Using the -meson elliptic flow to map the strength of partonic interaction
A compilation of recently measured STAR data for elliptic flow () of mesons in RHIC Beam Energy Scan program and comparison with a multiphase transport model (AMPT) has been presented. The experimental data at 19.6 GeV agrees well with string melting version of the AMPT model. The model includes partonic interactions and quark coalescence as a mechanism of hadronization. This indicates that there is a substantial contribution to collectivity from partonic interactions at 19.6 GeV. The measured -meson at = 7.7 and 11.5 GeV are found to be smaller than those obtained from AMPT model without partonic interactions. This indicates negligible contribution of partonic collectivity to the observed -meson at 11.5 GeV.
One of the main goals of the high energy heavy-ion collision experiments is to study the various aspects of the
QCD phase diagram whitepapers (). With this purpose the Relativistic Heavy Ion
Collider (RHIC) has finished the first phase of the Beam Energy Scan (BES)
program bes_res1 (); v2_BES_prc (); v2_BES_prl (). The aim of the BES program was to look for changes in
observation of various measurements as a function of beam energy to
establish transition region between the partonic and/or hadronic
dominant interactions in the QCD phase diagram bes_moti ().
The elliptic flow parameter is a good tool for studying the system formed in the early stages of high energy collisions at RHIC hydro (); hydro1 (); hydro2 (); hydro3 (); hydro4 (). It describes the azimuthal momentum anisotropy of particle emission in heavy-ion collisions. It is defined as the second harmonic coefficient of the azimuthal Fourier decomposition of the momentum distribution with respect to the reaction plane angle () and can be written as
where is emission azimuthal angle method ().
According to hydrodynamical description is an early time phenomenon and sensitive to the
equation of state of the system formed in the collision hydro (); hydro1 (); hydro2 (); hydro3 (); hydro4 (); early_v2 ().
The results from Relativistic Heavy Ion Collider (RHIC) on as a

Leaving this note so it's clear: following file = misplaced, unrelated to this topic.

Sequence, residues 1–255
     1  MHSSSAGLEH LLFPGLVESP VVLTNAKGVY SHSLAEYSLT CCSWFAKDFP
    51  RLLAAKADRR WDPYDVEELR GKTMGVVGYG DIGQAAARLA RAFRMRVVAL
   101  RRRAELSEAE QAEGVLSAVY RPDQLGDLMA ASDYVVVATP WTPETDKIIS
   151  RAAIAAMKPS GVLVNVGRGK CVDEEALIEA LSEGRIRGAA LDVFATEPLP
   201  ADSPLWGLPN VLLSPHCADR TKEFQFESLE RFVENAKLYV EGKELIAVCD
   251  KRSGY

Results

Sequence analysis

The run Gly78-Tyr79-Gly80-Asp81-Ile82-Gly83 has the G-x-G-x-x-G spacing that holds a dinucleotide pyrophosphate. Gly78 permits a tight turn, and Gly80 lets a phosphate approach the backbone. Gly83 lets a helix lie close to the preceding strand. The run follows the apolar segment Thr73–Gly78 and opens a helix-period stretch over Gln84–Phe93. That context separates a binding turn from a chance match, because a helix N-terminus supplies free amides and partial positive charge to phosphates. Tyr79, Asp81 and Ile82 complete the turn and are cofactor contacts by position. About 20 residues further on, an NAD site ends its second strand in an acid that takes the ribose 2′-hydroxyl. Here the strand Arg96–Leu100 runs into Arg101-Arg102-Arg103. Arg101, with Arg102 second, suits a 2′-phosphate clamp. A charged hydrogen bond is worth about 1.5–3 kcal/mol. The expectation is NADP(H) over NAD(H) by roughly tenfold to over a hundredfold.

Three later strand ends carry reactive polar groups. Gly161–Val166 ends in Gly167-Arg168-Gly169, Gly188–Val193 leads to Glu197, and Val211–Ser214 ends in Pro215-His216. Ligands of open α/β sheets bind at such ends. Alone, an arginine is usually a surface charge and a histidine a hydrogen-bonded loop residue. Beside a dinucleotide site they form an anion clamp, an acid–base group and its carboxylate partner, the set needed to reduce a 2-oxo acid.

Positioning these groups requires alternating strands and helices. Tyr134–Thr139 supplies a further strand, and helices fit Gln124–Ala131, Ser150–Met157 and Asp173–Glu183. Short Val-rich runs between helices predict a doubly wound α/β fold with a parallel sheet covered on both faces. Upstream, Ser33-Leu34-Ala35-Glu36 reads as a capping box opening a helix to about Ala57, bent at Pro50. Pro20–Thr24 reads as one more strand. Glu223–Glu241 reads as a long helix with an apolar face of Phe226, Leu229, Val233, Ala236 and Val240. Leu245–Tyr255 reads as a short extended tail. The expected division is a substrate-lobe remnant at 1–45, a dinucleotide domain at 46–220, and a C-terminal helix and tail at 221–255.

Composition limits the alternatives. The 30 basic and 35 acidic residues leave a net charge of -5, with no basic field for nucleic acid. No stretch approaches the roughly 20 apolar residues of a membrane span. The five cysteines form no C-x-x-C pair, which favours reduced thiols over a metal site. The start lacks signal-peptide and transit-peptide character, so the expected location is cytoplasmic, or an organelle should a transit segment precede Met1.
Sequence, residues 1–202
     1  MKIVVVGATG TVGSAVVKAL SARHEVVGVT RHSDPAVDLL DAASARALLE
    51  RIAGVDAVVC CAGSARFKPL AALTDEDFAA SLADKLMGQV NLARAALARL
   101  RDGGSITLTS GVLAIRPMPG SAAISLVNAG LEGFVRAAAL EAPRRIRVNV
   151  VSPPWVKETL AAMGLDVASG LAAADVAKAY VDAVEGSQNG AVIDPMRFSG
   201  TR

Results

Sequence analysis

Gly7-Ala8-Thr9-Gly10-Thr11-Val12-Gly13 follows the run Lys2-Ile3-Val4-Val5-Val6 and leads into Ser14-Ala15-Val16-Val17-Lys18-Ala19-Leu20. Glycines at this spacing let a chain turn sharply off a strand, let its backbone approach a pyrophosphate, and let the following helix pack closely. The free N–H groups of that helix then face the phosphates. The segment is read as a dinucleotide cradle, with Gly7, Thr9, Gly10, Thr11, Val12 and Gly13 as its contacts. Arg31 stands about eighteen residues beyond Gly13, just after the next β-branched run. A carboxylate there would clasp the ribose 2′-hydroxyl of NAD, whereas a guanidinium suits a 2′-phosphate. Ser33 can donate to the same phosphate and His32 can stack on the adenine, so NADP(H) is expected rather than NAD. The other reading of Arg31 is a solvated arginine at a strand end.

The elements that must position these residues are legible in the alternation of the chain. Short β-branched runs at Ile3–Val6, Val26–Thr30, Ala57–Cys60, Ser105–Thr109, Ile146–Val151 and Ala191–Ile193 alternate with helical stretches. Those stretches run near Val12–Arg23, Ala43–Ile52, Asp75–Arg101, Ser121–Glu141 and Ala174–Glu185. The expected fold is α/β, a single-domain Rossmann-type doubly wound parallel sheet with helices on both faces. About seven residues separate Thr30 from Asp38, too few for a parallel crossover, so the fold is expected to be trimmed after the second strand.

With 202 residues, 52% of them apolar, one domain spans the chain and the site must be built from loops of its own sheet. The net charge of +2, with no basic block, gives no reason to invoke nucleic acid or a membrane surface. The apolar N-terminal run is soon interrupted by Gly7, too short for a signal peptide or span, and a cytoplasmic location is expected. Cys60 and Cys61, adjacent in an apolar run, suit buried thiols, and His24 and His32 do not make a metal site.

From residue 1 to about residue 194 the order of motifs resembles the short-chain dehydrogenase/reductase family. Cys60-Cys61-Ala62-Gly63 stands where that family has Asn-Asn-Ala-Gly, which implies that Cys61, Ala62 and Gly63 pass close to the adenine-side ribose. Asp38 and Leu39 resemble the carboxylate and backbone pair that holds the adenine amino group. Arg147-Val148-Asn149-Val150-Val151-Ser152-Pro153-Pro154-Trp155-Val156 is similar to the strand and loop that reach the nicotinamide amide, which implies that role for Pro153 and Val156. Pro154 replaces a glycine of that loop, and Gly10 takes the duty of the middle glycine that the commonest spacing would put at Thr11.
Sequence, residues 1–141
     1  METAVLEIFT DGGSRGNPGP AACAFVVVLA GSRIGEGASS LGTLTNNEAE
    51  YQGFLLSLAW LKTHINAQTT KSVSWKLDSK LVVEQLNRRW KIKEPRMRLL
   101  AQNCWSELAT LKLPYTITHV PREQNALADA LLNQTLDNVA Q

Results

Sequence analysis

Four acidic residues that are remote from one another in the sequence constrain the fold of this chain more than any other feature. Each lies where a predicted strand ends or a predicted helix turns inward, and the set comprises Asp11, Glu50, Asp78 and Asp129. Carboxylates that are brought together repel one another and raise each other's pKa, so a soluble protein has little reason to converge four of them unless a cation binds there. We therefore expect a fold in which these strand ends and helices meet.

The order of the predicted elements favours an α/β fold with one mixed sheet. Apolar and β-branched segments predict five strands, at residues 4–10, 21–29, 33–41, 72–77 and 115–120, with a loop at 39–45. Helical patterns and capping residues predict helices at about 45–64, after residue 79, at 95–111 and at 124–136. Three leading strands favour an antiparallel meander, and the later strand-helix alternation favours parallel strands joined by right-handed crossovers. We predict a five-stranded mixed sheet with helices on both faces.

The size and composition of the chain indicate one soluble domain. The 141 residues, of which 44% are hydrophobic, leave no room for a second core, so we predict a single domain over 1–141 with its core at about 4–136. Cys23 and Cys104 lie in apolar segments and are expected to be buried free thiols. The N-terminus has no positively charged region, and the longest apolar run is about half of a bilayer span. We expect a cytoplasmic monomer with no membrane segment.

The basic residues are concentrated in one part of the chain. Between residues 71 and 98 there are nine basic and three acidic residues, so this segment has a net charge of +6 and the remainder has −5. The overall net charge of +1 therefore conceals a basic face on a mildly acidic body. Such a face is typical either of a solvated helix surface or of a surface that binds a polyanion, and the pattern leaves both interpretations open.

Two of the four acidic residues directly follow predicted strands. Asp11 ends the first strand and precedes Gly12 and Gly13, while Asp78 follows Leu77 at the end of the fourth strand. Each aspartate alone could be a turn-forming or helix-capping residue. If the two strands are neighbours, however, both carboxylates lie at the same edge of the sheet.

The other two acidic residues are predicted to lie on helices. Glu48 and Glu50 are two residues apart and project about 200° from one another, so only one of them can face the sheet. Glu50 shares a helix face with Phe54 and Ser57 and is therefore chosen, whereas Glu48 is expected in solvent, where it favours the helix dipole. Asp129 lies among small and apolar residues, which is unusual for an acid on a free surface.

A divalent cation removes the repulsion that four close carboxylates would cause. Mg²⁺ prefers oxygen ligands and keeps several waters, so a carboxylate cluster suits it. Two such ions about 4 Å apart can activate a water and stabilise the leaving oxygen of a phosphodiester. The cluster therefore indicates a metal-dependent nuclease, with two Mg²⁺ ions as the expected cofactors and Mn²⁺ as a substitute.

function of transverse momentum () shows
that at low elliptic flow of identified
hadrons follows mass ordering (lower for heavier hadrons than that of
lighter hadrons) whereas at intermediate all
mesons and all baryons form two different groups.
When and are scaled by number of constituent
quarks of the hadrons, the measured values are consistent with
each other as the parton coalescence or recombination models
predicted ncq1 (); ncq1a (); ncq_phi (). This observation, is known as
number of constituents quark scaling (NCQ scaling). This effect has been interpreted as
collectivity being developed at the partonic stage of the evolution
of the system in heavy-ion collision ncq2 ().
Although the parton coalescence or recombination model can successfully explain the observed quark scaling in experimental data but one can not say that only NCQ scaling of identified hadrons ncq2 () is sufficient signature for the formation of de-confined matter. The study of NCQ scaling of identified hadrons from UrQMD model shows that the pure hadronic medium can also reproduced such scaling in ncq_urqmd1 (); ncq_urqmd2 (); ncq_urqmd3 (). This is due to modification of initially developed by later stage hadronic interactions ncq_urqmd2 (). So the of those particles which do not interact with hadronic interaction will be the clean and good probe for early dynamics in heavy-ion collisions. The meson, which is the bound state of and quark, has small interaction cross-section with other hadrons smallx () and freezes out early whitepapers (). Due to small hadronic interaction cross-section, -mesons are almost unaffected by later stage interaction and it will have negligible value if mesons are not produced via and quark coalescence NBN (); BN (). Therefore, it is very important to study the -meson in BES program at RHIC.
The paper is organized in the following way. In the section II, AMPT model has been briefly discussed. Section III describe the comparison of experimentally measured -meson with the corresponding results from the AMPT model (version 1.11). Finally the summary and conclusion has been discussed in section IV.